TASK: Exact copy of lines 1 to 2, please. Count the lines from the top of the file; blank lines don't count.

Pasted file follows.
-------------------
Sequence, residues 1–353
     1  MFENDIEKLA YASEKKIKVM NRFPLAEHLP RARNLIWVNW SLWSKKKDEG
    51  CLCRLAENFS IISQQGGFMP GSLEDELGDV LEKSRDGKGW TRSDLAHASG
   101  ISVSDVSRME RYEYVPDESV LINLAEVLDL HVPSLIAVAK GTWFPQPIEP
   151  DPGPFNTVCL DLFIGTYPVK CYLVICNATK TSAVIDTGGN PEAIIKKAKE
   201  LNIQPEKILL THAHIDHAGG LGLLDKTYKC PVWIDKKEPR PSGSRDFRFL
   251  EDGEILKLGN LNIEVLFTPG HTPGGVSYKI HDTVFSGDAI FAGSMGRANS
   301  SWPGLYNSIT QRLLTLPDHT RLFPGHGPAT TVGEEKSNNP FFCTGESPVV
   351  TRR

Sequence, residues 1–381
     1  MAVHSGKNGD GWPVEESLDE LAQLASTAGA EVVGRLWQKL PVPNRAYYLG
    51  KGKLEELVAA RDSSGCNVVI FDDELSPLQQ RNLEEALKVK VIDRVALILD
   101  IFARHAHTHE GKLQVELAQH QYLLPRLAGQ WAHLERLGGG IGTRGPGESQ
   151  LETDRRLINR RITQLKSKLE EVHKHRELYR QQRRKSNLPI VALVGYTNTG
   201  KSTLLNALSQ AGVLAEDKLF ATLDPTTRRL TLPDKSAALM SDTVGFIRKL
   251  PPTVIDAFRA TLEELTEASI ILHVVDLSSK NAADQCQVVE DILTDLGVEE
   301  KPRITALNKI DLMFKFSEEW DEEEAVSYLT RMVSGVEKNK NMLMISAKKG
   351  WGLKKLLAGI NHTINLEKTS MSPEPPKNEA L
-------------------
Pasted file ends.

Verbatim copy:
Sequence, residues 1–353
     1  MFENDIEKLA YASEKKIKVM NRFPLAEHLP RARNLIWVNW SLWSKKKDEG